Dangers of listening to the fetal heart at homeBMJ 2009; 339 doi: http://dx.doi.org/10.1136/bmj.b4308 (Published 06 November 2009) Cite this as: BMJ 2009;339:b4308
- Abhijoy Chakladar, research fellow,
- Hazel Adams, consultant
- 1Department of Anaesthesia, Princess Royal Hospital, Brighton and Sussex University Hospitals NHS Trust, Haywards Heath, West Sussex RH16 4EX
- Correspondence to: A Chakladar
The fetal heart rate is commonly measured on the labour ward and during pregnancy to monitor the health of the fetus. It requires training and skill to perform accurately. Over the past few years fetal heart monitors have been marketed to expectant parents who want to hear their baby’s heartbeat. However, if not used properly these devices can provide false reassurance, as our recent case describes.
A 34 year old woman presented urgently to our labour ward on a Monday unable to detect her baby’s heartbeat with her fetal heart monitor. She was 38 weeks pregnant with her first baby and was fit and well, with no medical history. Screening blood tests, fetal anomaly, and subsequent growth scans had shown no abnormalities. The preceding Friday she had noticed a reduction in fetal movements but had reassured herself by listening to the “fetal” heartbeat over the weekend. An urgent ultrasound scan showed no fetal heart activity and intrauterine death was diagnosed.
We assumed the patient had been listening to her own pulse or placental flow. We found no reason for the stillbirth. All blood tests and infection screens from the mother gave normal results. There was no significant microbial growth from the placenta or fetus, and the fetus seemed morphologically normal. Histopathological analysis of the placenta found nothing unusual.
There has been another recent case of false reassurance with a home fetal heart monitor.1 Although the baby did not die, it required a long stay in the neonatal intensive care unit and had serious neurological morbidity.
After the experience in our obstetric unit, we conducted an internet search and were surprised by the number of fetal heart monitors available. There are two main types: sound amplifiers and Doppler ultrasound devices. A high street pharmacy and a large toy retail chain stock a prenatal listening (amplifying) system that claims to be “easy and safe to use to hear your unborn baby’s heart beat.” However, without training the sounds detected could easily be misinterpreted. Although potential purchasers on the pharmacy’s website are cautioned that “it is not a medical device and should not replace medical supervision,” the toy chain’s website gives no such advice. Other internet retailers are not so reserved (www.dopplerhire.com), suggesting that Doppler devices can be used for reassurance in between hospital visits and scans. The safety of the Doppler ultrasound devices is stressed, in that they do no harm to the baby, but the risks of delaying seeking medical attention and the limitations of Doppler devices tend to be overlooked.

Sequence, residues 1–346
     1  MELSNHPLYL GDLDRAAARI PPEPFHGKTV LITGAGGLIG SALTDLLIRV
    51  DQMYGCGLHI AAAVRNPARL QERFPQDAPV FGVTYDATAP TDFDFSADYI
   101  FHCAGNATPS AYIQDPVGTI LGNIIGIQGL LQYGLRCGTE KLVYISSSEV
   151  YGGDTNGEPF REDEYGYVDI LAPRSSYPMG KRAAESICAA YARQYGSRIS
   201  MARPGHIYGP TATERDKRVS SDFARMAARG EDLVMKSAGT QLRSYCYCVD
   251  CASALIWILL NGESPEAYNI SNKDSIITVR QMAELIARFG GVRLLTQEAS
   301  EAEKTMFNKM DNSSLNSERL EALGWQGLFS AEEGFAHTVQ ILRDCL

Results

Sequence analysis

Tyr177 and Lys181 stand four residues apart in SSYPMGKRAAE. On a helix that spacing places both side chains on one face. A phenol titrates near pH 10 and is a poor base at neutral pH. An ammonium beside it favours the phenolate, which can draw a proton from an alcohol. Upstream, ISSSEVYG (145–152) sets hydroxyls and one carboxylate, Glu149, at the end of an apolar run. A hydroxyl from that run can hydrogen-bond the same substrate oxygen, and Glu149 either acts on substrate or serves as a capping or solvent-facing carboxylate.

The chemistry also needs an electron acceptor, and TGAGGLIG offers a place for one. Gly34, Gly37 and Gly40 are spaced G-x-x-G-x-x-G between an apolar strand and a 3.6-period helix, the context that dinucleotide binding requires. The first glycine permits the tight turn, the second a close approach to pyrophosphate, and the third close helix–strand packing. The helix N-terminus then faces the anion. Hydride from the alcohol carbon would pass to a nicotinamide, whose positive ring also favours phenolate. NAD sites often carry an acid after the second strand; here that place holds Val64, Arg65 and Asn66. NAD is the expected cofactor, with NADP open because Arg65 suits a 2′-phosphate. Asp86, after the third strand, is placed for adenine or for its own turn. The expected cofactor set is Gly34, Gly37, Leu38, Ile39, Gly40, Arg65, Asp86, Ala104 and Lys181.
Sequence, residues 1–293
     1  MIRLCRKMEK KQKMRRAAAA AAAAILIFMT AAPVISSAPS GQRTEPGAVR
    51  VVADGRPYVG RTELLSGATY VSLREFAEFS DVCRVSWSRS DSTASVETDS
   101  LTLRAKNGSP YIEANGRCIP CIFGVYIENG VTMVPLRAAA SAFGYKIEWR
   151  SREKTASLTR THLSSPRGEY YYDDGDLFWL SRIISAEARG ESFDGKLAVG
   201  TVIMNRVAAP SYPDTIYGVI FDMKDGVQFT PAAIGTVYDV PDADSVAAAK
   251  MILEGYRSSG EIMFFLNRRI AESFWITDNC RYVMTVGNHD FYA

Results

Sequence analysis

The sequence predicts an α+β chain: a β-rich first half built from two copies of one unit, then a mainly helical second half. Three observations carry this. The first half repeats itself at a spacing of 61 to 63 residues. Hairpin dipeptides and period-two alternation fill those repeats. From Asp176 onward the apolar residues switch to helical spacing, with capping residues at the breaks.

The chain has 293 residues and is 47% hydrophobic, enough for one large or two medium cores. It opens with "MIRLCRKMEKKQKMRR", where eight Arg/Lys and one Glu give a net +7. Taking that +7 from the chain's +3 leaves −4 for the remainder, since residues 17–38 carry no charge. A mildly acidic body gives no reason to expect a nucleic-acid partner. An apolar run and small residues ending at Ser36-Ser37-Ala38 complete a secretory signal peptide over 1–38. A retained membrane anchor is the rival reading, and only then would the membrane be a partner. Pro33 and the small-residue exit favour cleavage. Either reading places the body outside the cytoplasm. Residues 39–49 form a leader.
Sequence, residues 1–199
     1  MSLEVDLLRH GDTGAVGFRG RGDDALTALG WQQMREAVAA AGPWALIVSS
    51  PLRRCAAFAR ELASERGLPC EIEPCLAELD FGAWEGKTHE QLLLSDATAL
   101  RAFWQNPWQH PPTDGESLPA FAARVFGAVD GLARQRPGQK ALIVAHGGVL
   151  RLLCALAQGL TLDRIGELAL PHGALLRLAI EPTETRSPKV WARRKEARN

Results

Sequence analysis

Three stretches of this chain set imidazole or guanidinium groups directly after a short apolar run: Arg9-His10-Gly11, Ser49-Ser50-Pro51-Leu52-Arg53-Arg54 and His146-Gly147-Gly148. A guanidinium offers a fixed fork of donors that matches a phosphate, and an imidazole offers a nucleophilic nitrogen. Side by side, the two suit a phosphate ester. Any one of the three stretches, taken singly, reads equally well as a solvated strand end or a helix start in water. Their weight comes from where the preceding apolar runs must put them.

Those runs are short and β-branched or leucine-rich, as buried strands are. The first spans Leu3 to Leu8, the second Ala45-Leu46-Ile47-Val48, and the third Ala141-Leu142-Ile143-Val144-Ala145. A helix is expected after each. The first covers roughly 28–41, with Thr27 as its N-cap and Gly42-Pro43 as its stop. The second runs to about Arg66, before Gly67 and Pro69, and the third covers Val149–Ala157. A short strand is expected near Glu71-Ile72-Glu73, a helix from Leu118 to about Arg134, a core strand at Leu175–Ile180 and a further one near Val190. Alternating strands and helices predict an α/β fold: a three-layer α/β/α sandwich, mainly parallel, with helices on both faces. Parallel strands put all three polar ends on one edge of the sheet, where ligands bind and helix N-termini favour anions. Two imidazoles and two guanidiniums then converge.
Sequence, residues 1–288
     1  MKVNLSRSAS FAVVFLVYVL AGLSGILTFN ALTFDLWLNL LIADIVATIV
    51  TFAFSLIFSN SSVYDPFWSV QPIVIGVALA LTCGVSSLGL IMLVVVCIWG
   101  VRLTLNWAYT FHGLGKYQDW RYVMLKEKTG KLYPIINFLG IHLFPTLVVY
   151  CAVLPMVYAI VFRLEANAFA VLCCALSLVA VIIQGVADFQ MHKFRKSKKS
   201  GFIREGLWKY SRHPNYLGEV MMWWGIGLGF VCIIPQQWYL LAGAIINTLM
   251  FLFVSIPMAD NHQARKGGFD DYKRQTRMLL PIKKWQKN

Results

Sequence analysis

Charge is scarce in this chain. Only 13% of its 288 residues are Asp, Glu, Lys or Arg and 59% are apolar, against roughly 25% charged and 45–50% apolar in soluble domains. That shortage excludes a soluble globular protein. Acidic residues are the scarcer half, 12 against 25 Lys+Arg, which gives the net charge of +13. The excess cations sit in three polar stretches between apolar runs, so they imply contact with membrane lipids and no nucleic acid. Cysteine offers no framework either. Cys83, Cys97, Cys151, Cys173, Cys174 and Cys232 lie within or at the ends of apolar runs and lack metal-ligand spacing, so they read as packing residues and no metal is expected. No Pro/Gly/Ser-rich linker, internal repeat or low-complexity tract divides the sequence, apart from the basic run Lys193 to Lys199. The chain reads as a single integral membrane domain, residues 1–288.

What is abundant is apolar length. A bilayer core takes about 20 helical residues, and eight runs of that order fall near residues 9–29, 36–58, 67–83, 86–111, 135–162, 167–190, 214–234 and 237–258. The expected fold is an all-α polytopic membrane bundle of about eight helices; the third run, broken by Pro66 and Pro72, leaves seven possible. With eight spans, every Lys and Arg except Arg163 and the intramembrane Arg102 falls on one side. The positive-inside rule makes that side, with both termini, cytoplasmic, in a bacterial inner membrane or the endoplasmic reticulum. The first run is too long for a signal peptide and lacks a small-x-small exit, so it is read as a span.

Movements can vary considerably from fetus to fetus and at different times of the day. A recent Cochrane review noted that there was not enough published evidence to support fetal movement as a marker of fetal wellbeing.2 Nevertheless, our obstetric unit, like most, encourages expectant mothers to present to the labour ward for assessment if fetal movements reduce.
The normal fetal heart rate ranges between 110 and 160 beats per minute with a baseline variability of 5 beats per minute. On the labour ward, the fetal heart rate is usually measured over time with an electronic fetal monitor, which gives a paper trace, and is interpreted by experienced midwives and obstetricians. Any decisions on fetal health are made only after taking careful histories of the events leading to presentation, examination, and consideration of the wider clinical context. Home monitoring devices can give only a snapshot of the heart rate and provide no indication of other important prognostic features.
The intrauterine death in our case may have been unavoidable, but the use of a fetal heart monitor certainly delayed presentation to hospital. Manufacturers and retailers have an obligation to make the limitations of these devices absolutely clear, as the untrained use of fetal heart monitors constitutes a risk to the safety of pregnant women and their unborn babies. The risk will undoubtedly increase as these devices become more popular. The use of home monitors may also result in women unnecessarily referring themselves to general practitioners and obstetric units when they cannot hear the fetal heart because of inexperience. We asked the retailers how many devices they had sold or hired out but received no reply.
Obstetric services need to educate expectant mothers about the limitations and the potentially fatal consequences of untrained use of fetal heart monitors and to present clear guidance about when to seek medical review.
Cite this as: BMJ 2009;339:b4308
Competing interests: None declared.
This case has been reported to the National Patient Safety Agency.
Patient consent obtained.
Provenance and peer review: Not commissioned; externally peer reviewed.